Ruth Patchett is back. She’s 84 and living in the High Tower, one time love nest of her rival Mary Fisher who now haunts the tower. A senile Bobbo (whom Ruth plotted to send to prison in THE LIFE AND LOVES OF A SHE DEVIL) is ensconced in the uppermost Lantern Room and the rest of the tower complex is home to the staff and supporters of IGP, the Institute for Gender Parity, set up when Ruth realised the opportunities for pretty and plain girls would never be the same so decided to focus on goals such as closing the pay gap instead.
One of the residents is Valerie Valeria, young, ambitious and an altogether different kind of feminist from Ruth.Valerie’s plans for IGP include glossy catalogues, a bullet proof Mercedes and much spectacle and expense reuniting Ruth with her estranged children and a surprise grandson, Tyler.
This isn’t nearly as good as THE LIFE AND LOVES OF A SHE DEVIL, which I remember devouring when I first discovered it, but Weldon has written another funny and smart reflection on gender politics and how it affects our every day lives. Especially interesting is how she integrates new debates about gender and sexual identity – albeit not as thoroughly or as deeply as they deserve. Valerie persuades Ruth’s grandson Tyler to transition, a story line which affords plenty of opportunities to reflect on the impact of testosterone and oestrogen, but leads the she devil to some rather suspect conclusions. Other characters touch on the way feminism has evolved and the differences between various struggles for equality. Weldon’s satire is genuinely non discriminatory and she directs it with equal savagery at all, and especially at those who seek to use feminism to pursue their own goals. As one of the older women in the tower, Dr Simmins, remark at one point: “So whatever changed, except perhaps, these days, gender? There were nice people and nasty people and some of them were M and some of them were F: and a whole lot in between.” Despite these themes, Weldon’s wit and story telling powers mean there’s nothing worthy or overly earnest about what is a gutsy, gleeful if somewhat less radical novel than is predecessor, and one that builds beautifully to the most fitting of deaths for the ultimate she devil.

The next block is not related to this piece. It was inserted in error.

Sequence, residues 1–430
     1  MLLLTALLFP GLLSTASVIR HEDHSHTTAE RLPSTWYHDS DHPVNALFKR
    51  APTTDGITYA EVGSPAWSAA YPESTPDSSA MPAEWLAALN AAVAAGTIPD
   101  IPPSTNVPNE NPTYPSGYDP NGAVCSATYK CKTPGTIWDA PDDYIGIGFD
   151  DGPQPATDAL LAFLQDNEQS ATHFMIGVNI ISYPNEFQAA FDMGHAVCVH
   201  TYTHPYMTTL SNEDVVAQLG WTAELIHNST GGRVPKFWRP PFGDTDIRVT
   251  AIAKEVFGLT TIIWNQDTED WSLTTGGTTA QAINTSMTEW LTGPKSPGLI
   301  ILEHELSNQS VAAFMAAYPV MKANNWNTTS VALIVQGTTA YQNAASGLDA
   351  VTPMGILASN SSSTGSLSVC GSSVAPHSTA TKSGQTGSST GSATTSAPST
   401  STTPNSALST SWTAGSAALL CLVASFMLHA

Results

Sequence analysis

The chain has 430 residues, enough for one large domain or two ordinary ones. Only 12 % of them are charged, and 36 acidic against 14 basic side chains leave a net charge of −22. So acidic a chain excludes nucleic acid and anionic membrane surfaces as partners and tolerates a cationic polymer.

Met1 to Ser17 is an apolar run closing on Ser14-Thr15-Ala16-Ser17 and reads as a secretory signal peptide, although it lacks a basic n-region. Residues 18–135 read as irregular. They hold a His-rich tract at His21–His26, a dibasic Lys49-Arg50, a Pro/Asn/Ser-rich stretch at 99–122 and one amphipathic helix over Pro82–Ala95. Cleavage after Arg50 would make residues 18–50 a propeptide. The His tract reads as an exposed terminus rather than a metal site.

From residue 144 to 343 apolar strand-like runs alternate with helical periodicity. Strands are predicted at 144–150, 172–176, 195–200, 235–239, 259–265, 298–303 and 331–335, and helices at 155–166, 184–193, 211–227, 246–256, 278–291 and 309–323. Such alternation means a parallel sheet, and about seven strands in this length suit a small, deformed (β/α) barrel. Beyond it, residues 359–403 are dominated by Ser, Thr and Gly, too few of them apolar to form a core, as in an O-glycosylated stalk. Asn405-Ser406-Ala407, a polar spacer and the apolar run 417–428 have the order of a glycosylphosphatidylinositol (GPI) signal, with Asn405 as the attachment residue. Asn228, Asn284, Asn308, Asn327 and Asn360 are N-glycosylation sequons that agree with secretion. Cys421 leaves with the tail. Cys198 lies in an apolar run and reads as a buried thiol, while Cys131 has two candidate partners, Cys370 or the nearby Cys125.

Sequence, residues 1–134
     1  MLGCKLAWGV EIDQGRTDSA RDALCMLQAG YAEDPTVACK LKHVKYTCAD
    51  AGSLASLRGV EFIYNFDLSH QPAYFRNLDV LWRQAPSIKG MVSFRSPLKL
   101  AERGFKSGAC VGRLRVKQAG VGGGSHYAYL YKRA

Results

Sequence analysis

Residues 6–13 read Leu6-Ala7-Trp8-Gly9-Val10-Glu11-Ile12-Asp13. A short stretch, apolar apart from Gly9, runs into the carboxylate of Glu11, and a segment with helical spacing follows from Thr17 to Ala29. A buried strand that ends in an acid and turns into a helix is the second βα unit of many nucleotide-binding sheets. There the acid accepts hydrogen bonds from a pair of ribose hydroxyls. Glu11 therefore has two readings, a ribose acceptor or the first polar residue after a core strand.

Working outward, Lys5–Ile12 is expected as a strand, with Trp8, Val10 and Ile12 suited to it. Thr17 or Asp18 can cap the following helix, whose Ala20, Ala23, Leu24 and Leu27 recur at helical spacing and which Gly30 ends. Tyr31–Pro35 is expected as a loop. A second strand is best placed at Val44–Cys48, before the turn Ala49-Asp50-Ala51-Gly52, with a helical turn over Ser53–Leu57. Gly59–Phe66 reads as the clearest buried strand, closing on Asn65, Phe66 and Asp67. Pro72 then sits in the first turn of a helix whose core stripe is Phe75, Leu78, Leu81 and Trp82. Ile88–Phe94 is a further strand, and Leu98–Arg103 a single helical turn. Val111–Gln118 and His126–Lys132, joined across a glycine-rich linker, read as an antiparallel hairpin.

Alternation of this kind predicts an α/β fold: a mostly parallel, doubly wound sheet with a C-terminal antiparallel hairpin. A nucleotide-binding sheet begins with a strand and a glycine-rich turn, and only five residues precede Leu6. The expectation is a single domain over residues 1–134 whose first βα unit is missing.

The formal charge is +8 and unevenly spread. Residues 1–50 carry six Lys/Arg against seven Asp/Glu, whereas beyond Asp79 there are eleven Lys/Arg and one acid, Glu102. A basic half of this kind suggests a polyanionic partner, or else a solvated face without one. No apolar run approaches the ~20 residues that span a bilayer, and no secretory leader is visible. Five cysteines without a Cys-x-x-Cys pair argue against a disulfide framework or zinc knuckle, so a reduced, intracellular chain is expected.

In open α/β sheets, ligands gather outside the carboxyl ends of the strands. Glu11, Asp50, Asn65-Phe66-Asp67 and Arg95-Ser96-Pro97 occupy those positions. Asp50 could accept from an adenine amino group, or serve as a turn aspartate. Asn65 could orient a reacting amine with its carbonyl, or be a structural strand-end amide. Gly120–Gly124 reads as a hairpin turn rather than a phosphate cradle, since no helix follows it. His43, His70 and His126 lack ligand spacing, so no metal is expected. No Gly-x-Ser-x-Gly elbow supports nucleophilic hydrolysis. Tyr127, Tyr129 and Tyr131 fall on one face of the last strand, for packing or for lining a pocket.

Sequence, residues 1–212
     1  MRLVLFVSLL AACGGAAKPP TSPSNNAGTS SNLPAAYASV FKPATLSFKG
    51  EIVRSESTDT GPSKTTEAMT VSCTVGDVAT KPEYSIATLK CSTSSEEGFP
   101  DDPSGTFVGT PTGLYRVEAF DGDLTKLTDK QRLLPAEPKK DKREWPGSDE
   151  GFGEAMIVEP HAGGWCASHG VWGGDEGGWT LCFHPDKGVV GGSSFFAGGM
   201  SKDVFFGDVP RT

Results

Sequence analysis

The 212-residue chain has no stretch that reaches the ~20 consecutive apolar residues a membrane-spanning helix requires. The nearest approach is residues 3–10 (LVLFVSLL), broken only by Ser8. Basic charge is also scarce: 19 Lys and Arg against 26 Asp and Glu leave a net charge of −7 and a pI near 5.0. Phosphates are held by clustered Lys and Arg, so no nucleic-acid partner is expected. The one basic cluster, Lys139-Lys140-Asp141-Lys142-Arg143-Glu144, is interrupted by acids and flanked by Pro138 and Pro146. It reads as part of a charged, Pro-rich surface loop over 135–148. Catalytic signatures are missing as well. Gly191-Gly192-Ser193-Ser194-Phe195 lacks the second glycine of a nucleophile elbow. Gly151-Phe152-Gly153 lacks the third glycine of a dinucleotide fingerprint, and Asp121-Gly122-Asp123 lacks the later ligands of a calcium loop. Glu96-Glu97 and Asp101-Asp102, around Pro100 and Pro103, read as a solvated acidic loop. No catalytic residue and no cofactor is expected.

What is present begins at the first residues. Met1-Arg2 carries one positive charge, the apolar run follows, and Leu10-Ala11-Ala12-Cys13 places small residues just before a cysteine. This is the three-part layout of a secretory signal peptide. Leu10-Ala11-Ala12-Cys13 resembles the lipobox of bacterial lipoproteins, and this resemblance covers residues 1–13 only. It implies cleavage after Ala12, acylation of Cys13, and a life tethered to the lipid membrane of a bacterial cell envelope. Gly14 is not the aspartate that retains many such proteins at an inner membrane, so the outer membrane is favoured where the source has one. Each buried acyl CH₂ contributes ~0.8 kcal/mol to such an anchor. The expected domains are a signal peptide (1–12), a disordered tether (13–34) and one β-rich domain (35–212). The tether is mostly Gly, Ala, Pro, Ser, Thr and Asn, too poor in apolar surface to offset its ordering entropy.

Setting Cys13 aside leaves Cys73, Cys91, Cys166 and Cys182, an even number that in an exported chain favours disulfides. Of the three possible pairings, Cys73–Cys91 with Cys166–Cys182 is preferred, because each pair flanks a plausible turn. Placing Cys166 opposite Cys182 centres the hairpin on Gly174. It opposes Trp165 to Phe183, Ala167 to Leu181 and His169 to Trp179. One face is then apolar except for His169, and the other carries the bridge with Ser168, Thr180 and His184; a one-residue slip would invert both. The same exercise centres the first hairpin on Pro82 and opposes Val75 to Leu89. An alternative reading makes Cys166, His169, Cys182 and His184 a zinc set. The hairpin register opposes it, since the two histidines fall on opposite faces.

Harry is a high end drug dealer, in partnership with her lifelong friend and back-watcher Leon. One night she meets and falls for Becky, a dancer, who also waits tables in the family cafe and gives massages to strangers in hotel rooms. She notices Pete in the family cafe because he’s reading a book written by Becky’s estranged father. The two get talking then get together. Pete is Harry’s half brother but none of them realise the connection until Harry throws a surprise party for Pete. A surprise party at which Harry also discovers she knows Becky’s drug dealing uncles – and not in a good way.